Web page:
Security: Both schools will need additional, improved security for the rooms in which the computers will be used. Better burglar bars on the windows and additional door security is needed.
More computers: In order to offer formal IT lessons, each school needs at least 10 computers. Currently they both have 5, so extra ones are needed. This will raise another question though – electricity supply. At present the supply is irregular, and both rely on solar power during the day.
Text books: It is sad to see that even now 30 years on from my time as a teacher at Pakati Secondary school, there are too few text books for the number of students.
Desks/seating: As with books, not enough desks and/or seats for the students. On top of that, there is now a requirement for seats with back support for the students.
I would like to add something else into the mix too….the overall classroom environment inside could use a spruce up, as could the admin block at the Secondary. Ceilings, a lick of paint, doors and windows? The schools budgets are stretched, so I appreciate that would not be their highest priorities.
So…..having laid out the priorities, in order, the next question is about raising funds. What can I do this coming year? suggestions please…ideas for events welcome, large or small. Usual contacts please – on facebook, twitter, comments on here and/or email. See our contacts page for full details.
I am posing some questions for you all, as friends of Pakati, to try and answer. I want to hear your views. In an earlier blog post I did start to ask about what happens next year, and there are some comments already which I will add to this article for you to consider before adding your own.
The two Pakati schools, like many others in rural areas of Zimbabwe, face a number of problems. Sadly I am limited to what help I can give, and I am only really able to help Pakati due to my strong personal links and affiliation to its surrounding community. The first comment I shall quote comes from Mr Mugove Chifaka the Head of Pakati Secondary school, and gives an idea of the sort of challenges which lie ahead:
“Good afternoon Chris. Regarding the issues you have raised, we surely need more PCs but we need to install stronger security burglar bars to the staff room for the safety of the computers already in our possession. We included the expected security expenditure in our 2020 budget propopals which was agreed upon by parents in a General meeting held on 3 December. We submitted the application for approval to the ministry on Friday 6 December. We surely need internet access.
The other things we need are tables and chairs for the students. The ministry now wants sitting places with back rests for Students and we need such furniture for 300 students.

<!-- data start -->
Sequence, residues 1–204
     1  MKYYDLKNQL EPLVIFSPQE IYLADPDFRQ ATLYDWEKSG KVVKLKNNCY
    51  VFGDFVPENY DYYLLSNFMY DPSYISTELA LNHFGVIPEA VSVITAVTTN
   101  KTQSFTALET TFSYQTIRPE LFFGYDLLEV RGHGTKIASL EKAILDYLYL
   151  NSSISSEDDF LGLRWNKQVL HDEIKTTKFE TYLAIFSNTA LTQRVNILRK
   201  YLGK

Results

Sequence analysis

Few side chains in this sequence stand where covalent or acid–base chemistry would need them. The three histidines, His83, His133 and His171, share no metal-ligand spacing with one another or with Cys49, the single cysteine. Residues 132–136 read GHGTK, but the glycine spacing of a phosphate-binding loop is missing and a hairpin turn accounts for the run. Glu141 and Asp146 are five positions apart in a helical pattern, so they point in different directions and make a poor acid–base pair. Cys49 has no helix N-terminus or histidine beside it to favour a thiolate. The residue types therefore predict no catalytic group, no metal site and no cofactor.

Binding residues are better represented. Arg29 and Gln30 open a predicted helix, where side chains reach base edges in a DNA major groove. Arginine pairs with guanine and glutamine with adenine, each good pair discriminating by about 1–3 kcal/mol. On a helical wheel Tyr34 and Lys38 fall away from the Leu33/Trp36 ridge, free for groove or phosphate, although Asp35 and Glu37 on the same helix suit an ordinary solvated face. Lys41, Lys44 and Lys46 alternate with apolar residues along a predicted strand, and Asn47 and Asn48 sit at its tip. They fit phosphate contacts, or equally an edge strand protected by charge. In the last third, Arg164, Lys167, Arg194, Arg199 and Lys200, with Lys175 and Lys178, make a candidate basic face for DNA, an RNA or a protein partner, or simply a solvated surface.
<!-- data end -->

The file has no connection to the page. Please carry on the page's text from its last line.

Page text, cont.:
We also wish to improve our grounds by better landscaping, which in turn calls for better fencing. This is a few of the things in our plan if finances allow, but as you are aware, our economy is not stable at all but we just plan.”
Here are other comments, with the senders’ name attached:
“Good question you raised in the blog.
I think it is best to add more computers at first then install internet when there is an increased number of computers so that it is easier for most of the pupils to gain access.” (Vatonatsa Foundation)
“….though i respect your suggestions I would like to view it from a different angle, Text books have become a scarce resource and unaffordable at the moment. So with the few computers we have its better we connect to internet first, and source a printer so that we can print our own books from the internet. At that recent school meeting I was told by the Head that at present each class have just 5 text books being shared by the teachers and an average of 55 if not 60 pupils, a very sad senario indeed.” (Councillor Israel Maliki)
“…. My opinion is that if both can not be managed, preference should be connecting to the internet, more computers can be added with time while the present ones are being fully utilised” (Talent Mutyavaviri. teacher at Pakati Secondary school)
So, my questions are about listing priorities really, and about how to fundraise for whatever those priorities are. How do you see the priorities? Should friends of Pakati expand to cover more of Mr Chifaka’s concerns? Or should we limit it to just IT equipment? How should I/we fundraise? Big events like the sponsored walk this year, or a series of smaller ones? A mixture? What type of activities? Whatever suggestions you have please send them via Facebok, twitter, Whats app, email or comment on here. I will post your ideas and suggestions on here, consult with contacts, then post the outcomes in a follow-up post. Thank you all.
This is the last part of my review of the year! Meet some of the friends of Pakati I met this year, and a friend of Pakati who worked there just after I did. I had intended to discuss what happens with this project for next year – some questions, comments and a request for ideas and feedback – but that is now going to be a separate, individual article.
I will start with my hosts in Zimbabwe during late September/early October this year…they were both amazing and generous hosts, whose welcome was better than I could have received by any 5* hotel.
Next, I feel I should try and cover those I met who I knew from my time at Pakati between 1989 and 1991….very moving for me, particularly the first person shown here. Thomas was the person who took me around the area in his van occasionally, and became a close friend. I celebrated at least one birthday with him and his friends and family.
Next, here are some of the people I met during my visit to Zimbabwe this year
Some other friends of Pakati from earlier in the year
Here we meet the elusive Debbie Chadbon, another former teacher at Pakati. She has proven difficult to track down, but persistence paid off. She got in contact just a few weeks ago, and has sent some photos snd stories, the outline of which appeared on a recent blog post.
This brings an end to the review of 2019 for Friends of Pakati. A momentous year, with so nany amazing memories for me. I am genuinely touched by the response of people both in Zimbabwe and in the UK to this project, as well as those across the world who have kept in touch and encouraged/supported all we have done. I can tell you, Pakati people are delighted with progress so far…..my next post will look more closely at what Friends of Pakati might do next year, as we look to you, the real friends of Pakati, for ideas, thoughts, suggestions on fundraising as well as what help is needed, and where the priorites lie.